Ebola in U.S.: Struggle over quarantine, stigmatization

Oct. 27 — Epidemiology nurse Kaci Hickox had traveled to Sierra Leone on behalf of Doctors Without Borders to help treat patients suffering from Ebola virus disease. Upon returning to the U.S. Oct. 24, Hickox was placed under quarantine. She reported no symptoms of the dreaded disease. [She was released from quarantine after much criticism of the policy and is home to Maine. — Eds.]

As of Oct. 27, there is no consistent protocol across the U.S. for how to treat returning medical workers and other travelers from Sierra Leone, Liberia and Guinea (Conakry). Three days earlier, the governors of New York and New Jersey issued edicts to hold such people in quarantine for 21 days. Illinois and Florida decided to do the same.

Hickox expressed her indignation, saying she was “treated like a criminal” by the authorities in the state. The nurse said that she was questioned for hours upon entry at Newark Liberty International Airport and immediately ordered into isolation. She was placed in an unheated tent with no bathroom.

Hickox threatened to take legal action against the state of New Jersey, saying the imposed isolation was inhumane. The forced isolation and confinement of Hickox raise constitutional and civil liberties issues, given that she remains asymptomatic and has not tested positive for EVD, said her legal counsel Norman Siegel, a well-known civil liberties attorney. “The policy is overly broad when applied to her,” Siegel stressed.

An Oct. 26 Reuters news article reported, “Kaci Hickox, a nurse placed in 21-day quarantine in a New Jersey hospital after returning from treating Ebola patients in Sierra Leone, will contest her quarantine in court, her attorney said on Sunday [Oct. 26], arguing the order violates her constitutional rights.”

Hickox joins a continuous chorus of complaints by nurses who say that the U.S. health care system lacks medical protocols for dealing with EVD. This unpreparedness led to two transmissions of the disease in Dallas as well as a general sense of panic and stigmatization of people from Africa, including those from countries far from the outbreak of EVD.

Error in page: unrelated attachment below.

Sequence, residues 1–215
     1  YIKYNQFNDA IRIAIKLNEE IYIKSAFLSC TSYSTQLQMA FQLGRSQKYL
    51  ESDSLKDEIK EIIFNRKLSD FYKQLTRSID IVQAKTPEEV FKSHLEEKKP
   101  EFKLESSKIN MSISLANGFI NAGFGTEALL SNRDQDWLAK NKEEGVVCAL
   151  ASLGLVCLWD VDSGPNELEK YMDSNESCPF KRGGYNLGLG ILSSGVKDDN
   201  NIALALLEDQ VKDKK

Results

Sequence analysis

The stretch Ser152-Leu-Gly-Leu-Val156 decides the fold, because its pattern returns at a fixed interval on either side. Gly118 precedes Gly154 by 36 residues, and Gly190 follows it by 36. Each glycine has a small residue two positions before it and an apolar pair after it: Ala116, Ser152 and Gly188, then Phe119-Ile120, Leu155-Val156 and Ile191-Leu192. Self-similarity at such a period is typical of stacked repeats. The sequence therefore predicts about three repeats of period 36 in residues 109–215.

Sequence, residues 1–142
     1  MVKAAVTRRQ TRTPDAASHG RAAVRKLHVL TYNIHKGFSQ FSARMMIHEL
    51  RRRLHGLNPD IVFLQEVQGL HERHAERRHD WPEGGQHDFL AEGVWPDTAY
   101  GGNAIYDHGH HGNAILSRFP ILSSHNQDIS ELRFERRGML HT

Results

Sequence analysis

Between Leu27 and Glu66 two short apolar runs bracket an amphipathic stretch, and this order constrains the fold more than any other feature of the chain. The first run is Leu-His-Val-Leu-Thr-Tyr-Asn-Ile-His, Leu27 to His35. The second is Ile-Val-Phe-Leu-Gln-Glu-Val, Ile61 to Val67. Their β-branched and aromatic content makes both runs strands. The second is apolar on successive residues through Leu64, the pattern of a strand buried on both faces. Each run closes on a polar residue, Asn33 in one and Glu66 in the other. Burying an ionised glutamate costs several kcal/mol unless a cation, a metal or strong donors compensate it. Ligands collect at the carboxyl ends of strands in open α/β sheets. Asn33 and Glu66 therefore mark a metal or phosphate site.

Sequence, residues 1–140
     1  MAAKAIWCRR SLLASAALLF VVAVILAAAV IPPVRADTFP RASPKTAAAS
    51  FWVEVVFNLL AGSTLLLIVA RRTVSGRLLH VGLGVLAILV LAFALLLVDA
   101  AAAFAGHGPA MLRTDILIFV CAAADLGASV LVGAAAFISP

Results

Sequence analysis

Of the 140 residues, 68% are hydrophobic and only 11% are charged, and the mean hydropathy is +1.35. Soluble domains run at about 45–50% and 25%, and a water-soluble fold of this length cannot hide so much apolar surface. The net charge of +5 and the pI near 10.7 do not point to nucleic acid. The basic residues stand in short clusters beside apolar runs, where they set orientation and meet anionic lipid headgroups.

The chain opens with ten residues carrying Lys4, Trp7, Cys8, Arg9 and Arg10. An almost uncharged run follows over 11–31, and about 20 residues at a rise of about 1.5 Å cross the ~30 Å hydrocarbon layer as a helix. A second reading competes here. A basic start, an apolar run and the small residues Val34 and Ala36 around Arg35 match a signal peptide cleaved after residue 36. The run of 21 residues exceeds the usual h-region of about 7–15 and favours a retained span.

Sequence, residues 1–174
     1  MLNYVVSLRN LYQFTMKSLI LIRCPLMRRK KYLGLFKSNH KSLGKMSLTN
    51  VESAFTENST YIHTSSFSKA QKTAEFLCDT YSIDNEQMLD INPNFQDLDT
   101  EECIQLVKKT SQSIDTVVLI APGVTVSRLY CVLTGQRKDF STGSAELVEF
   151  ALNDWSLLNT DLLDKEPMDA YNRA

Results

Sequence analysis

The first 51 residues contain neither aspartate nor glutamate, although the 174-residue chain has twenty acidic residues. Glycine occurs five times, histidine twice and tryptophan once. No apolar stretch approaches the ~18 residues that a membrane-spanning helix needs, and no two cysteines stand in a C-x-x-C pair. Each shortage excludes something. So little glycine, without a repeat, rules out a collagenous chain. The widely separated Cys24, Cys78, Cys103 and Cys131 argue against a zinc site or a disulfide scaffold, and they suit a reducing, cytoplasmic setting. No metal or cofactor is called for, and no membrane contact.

The administration of President Barack Obama has spoken out against a travel ban from West African states. The U.S. government has instituted screening measures for people traveling from the most severely impacted nations. The White House also contested the policies implemented in New York and New Jersey. This led, on Oct. 26, to New York Gov. Andrew Cuomo modifying the quarantine order so that people without symptoms can be quarantined at home.

Racism, anti-worker bias and xenophobia

In Maple Shade, N.J., a town in Gov. Chris Christie’s state, two Rwandan children were withdrawn from school after a letter was sent to the parents of all students saying that the East African pupils would be monitored three times a day. Rwanda, which is in East Africa, nearly 3,000 miles away from any of the severely impacted states in the far western part of the continent, has not reported any cases in the latest EVD outbreak.

Four cases of EVD have been diagnosed in the U.S. since the latest outbreak in West Africa. Thomas Eric Duncan, a Liberian national, died after he was first sent home when reporting to an emergency room at the Texas Health Presbyterian Hospital in Dallas. Incompetence there contributed to his death and to the infection of two nurses who provided care for Duncan.

Both of the nurses, Nina Pham and Amber Vinson, were determined to have recovered and have been released from specialized treatment units at the National Institutes of Health and Emory University, respectively.

Dr. Craig Spencer, a graduate of Wayne State University Medical School in Detroit, is the latest diagnosed case, and he is being treated at Bellevue Hospital in New York City. Spencer was also a volunteer with Doctors Without Borders in Guinea. He had traveled widely in the city on Oct. 21, the day before he registered a slight fever, and the ensuing publicity raised enormous fears in the city despite the unlikelihood of transmission.

According to those who treat EVD, transmission requires exposure to bodily fluids from someone exhibiting symptoms. The need for a rational and humane response to EVD is seriously needed in the U.S. Officials and media sources must be educated about the most recent outbreak of the disease and the nature of transmission.

In addition, the U.S. ruling class and state should provide maximum assistance and support to those countries where the disease has had a devastating impact. Attempts aimed at the isolation and stigmatization of the people from these West African states, and those who are assisting them, can worsen the existing conditions in both the U.S. and internationally.

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